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Slide 1 Diabetes and the discovery of insulin in 1920 by Frederick Banting and Charles Best, Toronto, Canada.

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Presentation on theme: "Slide 1 Diabetes and the discovery of insulin in 1920 by Frederick Banting and Charles Best, Toronto, Canada."— Presentation transcript:

1 Slide 1 Diabetes and the discovery of insulin in 1920 by Frederick Banting and Charles Best, Toronto, Canada

2 Slide 2 Type I diabetes mellitus (lack of insulin; le miel = honey) Symptoms: always hungry and thirsty, glucose in urine, tired, blurred vision, extreme weight loss. Prognosis: slow, painful death, delayed by low carbohydrate diet. Reason: digestion by carbohydrases converts all the eaten carbohydrate to glucose, and 100% is absorbed from the small intestine to the blood. But, in the absence of insulin, the cells are unable to take up (and use) the glucose for respiration.

3 Slide 3 Excess unused glucose accumulates in the blood and is flushed by the kidneys out into the urine, using lots of water and making the patient constantly thirsty. Dogs whose pancreas had been cruelly removed survived a long time on a diet of small molecules that did not need to be digested before being absorbed into the blood stream. But the dogs turned diabetic (sweet urine). Hypothesis: the pancreas produces something that is lacking in diabetics.

4 Slide 4 Blocking the pancreatic duct using a ligature stopped the flow of digestive enzymes (amylase, lipase, and the protease trypsin) to the small intestine. But the dogs did not become diabetic. Hypothesis: the pancreas secretes an unknown substance (insulin) directly to the blood.

5 Slide 5 Search for insulin: pancreas was mashed up and the soluble extract was injected into dogs that were made diabetic by removing the pancreas. Result: the pancreas extract did not cure diabetic dogs. Explanation: the hormone insulin is a protein that was digested (destroyed) by the trypsin (proteinase) from the pancreas.

6 Slide 6 Observation: ligated pancreas lost the ability to produce trypsin. Hypothesis: active insulin can be isolated from ligated pancreas. Prediction: injecting “insulin” into the blood should reduce the level of blood sugar in diabetic dogs.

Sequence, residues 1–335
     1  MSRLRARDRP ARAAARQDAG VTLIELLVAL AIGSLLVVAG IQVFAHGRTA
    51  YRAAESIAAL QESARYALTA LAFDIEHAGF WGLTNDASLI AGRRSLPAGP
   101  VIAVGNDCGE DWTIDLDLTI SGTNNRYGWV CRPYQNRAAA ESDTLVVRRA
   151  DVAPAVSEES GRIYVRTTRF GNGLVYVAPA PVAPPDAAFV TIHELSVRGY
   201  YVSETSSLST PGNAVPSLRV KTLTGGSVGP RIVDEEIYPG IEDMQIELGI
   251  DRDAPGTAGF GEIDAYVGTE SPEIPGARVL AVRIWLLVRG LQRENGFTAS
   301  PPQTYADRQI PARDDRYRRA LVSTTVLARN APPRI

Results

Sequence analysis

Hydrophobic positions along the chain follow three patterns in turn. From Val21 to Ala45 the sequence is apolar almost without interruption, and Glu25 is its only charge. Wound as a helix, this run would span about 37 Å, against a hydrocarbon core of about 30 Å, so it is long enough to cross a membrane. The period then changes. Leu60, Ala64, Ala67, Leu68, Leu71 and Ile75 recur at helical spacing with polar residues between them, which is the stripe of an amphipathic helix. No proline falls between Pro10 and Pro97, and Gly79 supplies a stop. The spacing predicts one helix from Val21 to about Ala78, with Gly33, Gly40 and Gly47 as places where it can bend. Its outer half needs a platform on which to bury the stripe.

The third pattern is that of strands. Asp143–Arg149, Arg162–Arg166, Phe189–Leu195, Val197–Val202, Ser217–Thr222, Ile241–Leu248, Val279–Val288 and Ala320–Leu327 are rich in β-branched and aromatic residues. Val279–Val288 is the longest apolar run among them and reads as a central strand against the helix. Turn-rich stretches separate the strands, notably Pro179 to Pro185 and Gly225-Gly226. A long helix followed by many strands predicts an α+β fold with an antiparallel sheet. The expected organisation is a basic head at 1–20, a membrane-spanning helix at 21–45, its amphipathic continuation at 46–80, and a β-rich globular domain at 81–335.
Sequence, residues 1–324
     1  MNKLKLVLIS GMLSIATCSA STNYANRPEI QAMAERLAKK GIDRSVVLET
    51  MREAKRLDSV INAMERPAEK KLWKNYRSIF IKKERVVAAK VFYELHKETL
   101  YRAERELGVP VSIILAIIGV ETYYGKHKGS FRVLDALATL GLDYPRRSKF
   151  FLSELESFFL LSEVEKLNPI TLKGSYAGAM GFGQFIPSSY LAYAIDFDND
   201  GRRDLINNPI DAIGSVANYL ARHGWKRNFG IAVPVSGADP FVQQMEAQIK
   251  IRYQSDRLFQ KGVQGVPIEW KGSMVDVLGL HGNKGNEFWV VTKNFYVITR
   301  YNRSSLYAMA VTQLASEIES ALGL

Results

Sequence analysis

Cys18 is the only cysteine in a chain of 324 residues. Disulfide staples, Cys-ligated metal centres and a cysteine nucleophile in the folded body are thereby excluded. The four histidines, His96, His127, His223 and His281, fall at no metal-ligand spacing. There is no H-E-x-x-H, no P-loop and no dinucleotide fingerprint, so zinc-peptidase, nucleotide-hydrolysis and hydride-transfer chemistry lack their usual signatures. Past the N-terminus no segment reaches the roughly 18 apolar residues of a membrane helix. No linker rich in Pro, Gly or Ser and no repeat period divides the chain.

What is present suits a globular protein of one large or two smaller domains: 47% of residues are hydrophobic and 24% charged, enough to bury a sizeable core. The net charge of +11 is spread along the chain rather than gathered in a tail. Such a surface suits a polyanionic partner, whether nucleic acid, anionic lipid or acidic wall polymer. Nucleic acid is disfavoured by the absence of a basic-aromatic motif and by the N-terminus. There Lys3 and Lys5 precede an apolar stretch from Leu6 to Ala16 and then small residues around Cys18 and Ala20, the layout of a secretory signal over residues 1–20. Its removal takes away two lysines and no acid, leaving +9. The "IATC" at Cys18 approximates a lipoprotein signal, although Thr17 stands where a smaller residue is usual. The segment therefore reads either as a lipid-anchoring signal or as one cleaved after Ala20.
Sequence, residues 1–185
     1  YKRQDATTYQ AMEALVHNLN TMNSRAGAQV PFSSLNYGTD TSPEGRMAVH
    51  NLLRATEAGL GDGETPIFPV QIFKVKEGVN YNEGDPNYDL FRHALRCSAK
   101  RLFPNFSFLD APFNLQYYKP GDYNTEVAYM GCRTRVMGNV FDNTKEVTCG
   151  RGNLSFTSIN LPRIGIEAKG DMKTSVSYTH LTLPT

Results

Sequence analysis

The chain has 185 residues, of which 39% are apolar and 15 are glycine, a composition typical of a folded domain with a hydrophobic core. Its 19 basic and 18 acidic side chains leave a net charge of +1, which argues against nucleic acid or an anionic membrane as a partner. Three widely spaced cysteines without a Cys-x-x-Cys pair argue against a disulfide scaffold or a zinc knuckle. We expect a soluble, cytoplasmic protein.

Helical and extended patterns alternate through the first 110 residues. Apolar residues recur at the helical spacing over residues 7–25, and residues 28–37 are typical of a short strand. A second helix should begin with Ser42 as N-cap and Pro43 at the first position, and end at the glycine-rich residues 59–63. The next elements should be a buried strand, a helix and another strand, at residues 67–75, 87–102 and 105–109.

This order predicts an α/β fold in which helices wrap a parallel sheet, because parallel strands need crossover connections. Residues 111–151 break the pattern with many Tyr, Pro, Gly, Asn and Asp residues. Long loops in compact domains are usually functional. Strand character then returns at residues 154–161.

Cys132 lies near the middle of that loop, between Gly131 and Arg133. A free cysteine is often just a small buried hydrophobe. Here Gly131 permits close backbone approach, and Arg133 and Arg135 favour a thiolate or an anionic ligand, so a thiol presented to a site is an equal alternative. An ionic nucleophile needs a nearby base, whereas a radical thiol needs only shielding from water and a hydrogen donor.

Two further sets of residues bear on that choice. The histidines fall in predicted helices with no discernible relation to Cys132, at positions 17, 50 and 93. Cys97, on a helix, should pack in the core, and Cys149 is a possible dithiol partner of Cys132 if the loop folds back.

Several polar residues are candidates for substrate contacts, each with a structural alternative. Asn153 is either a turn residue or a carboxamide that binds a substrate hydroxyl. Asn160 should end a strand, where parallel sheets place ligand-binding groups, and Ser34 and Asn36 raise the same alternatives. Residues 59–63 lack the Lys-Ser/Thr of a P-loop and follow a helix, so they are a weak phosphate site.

7 Slide 7 Sterilising the pancreas extract before injection into the bloodstream Meat extract is full of bacteria and possibly also viruses Insulin is destroyed by boiling Bacteria can be filtered out using sintered glass filters

8 Slide 8 It worked!

9 Slide 9 It also worked for humans, but they very quickly produced a serious allergic reaction against the pancreas extract from the dogs. Only when insulin was purified (i.e. everything but insulin was removed) could it be given repeatedly to humans. Only minute quantities of insulin could be prepared from tied up dog pancreas.

10 Slide 10

11 Slide 11 Later, larger quantities of insulin were produced from foetal calf pancreas that had not matured to produce trypsin. Insulin was always in short supply, and diabetes increased. Calf insulin is slightly different in its amino acid sequence from human insulin. Because of this it does not work perfectly in humans, and it may even be destroyed by our immune system (like a pathogen in a vaccinated person). Insulin from animals was also feared to transmit mad cow disease and dangerous viruses. USA

12 Slide 12 Just when the world was running out of calf insulin, it became possible to produce human insulin guaranteed free of disease in unlimited quantities by putting the human gene for insulin into a harmless bacterium by genetic modification.

13 Slide 13 Transplanting a pancreas from another person does not seem possible, but In the future, it may become possible to re- grow a functioning pancreas from your own stem cells. Such a replacement pancreas would be accepted by your body without the need to take unpleasant and expensive immuno-suppressant drugs. A replacement pancreas would control the level of blood glucose better than is currently possible with insulin injections; i.e. blood glucose homeostasis would be better regulated. The fertilised egg is the ultimate stem cell because it has the potential to develop into every type of specialised body cell (e.g. nerve cell, muscle cell etc.).

14 Slide 14 The total number of people in this world with diabetes is projected to rise from 171 million in 2000 to 366 million in 2030 = 4% of the population doubling in 30 years!

15 Slide 15 Questions about the discovery of insulin 1.Who discovered insulin? 2.When was insulin discovered? 3.Why are untreated diabetics hungry even after they have eaten pasta? 4.Why does the blood glucose level increase in diabetics? (2 reasons) 5.How could dogs survive without a pancreas and what diet should they be given? 6.Why did ligature of the pancreatic duct not make the dogs diabetic? 7.Why was insulin, the chemical substance, so difficult to discover? 8.Why does insulin need to be injected into the blood stream? 9.What needed to be done before animal insulin could be used for humans? Explain why. 10.How could insulin preparations be sterilised (made free of bacteria and viruses) to prevent harmful bacteria being introduced into the blood (blood “poisoning”)? 11.What was the source of insulin before the advent of genetically modified (GMO), insulin producing bacteria. 12.Would you prefer insulin made naturally by animals to GMO insulin? List advantages and disadvantages of both. 13.What would happen if we could no longer use insulin from GMO bacteria? 14.Should stem cell research be allowed? Give arguments for and against.

16 Slide 16 Dorothy Hodgkin Sir John Leman Grammar School, Beccles, Suffolk. Universites: Oxford and Cambridge 1964 Nobel prize for developing protein crystallography and determining the position in 3d of every single atom in the hormone insulin.


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